In a repressive, future world of rising sea levels, a teenage girl must hide her forbidden emotions from all-powerful authorities—and from her questionable friends and classmates.
In this slickly told YA sci-fi tale
by Redd, a pseudonym of prolific historical fiction author Heather B. Moore (Love
Is Come, 2016, etc.), climate change has brought about the world that
George Orwell famously predicted, only a century or so behind schedule. In
2099, Jezebel is a teenager in a world tormented by ceaseless rainfall. The
last sizable, high-tech city-state, which exists in subterranean complexes on
diminishing high ground, has taken harsh measures to preserve itself: it’s
created generations of kids micromanaged by guards and teachers in a rigid
atmosphere of heavy science education. There are also formal bans on sex,
families, religion, and even emotion, enforced by “Harmony” dermal implants.
Jezebel, however, is a so-called “Carrier” who has free thoughts and feelings;
she struggles not to show them, due to constant monitoring. She may also be
able to activate mysterious, hidden “generators” that could solve the weather
crisis. When she receives an ancestral inheritance, it includes one highly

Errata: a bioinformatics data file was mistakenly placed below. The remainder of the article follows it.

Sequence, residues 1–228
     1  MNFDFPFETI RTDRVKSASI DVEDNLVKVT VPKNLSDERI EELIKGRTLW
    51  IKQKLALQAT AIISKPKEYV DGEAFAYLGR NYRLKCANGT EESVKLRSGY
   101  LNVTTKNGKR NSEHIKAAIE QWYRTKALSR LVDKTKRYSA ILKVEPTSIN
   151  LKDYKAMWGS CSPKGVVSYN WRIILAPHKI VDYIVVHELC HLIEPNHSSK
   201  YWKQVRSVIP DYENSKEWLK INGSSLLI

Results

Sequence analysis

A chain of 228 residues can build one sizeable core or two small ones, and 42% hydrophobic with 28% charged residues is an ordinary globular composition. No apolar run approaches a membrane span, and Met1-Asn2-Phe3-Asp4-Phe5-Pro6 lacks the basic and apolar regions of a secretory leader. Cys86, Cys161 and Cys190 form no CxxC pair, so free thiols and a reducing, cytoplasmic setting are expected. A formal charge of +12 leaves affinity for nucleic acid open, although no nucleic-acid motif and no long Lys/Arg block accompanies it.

taboo item—a journal written by her grandmother Rose describing life in
“Before” times, including the terrible offense of falling in love.
Straightaway, government operatives seize Jezebel and run her through an ordeal
of trials and treatments. Have they uncovered her Carrier status, or is Rose’s
journal part of an elaborate loyalty test that also involves Jezebel’s close
friends and fellow prisoners? The story has a timely ecological hook. However,
its scope remains confined to sterile, institutional settings and
totalitarian-nightmare tropes that have a long history in future-shock sci-fi
literature. The reign of terror has droplets of conservatism and evangelicalism
(note the scriptural character names), but it doesn’t get overly preachy about
it. Characterizations tend to be rather stifled, although readers may forgive
that, given the chilly, lockdown environment and a fear-ridden narrator whose
world (and personality) is largely purged of past history and attachments. The
big question of the “generators,” though, remains almost completely unanswered.
In the closing chapters, the author finally opens up the fictional world, which
brings a breath of fresh air to the material. Redd may explore the dystopian
landscape to a greater extent in potential sequels.
A solid but slightly suffocating YA tale of a
dictatorship set in a 2099 that parties like it’s Nineteen Eighty-Four.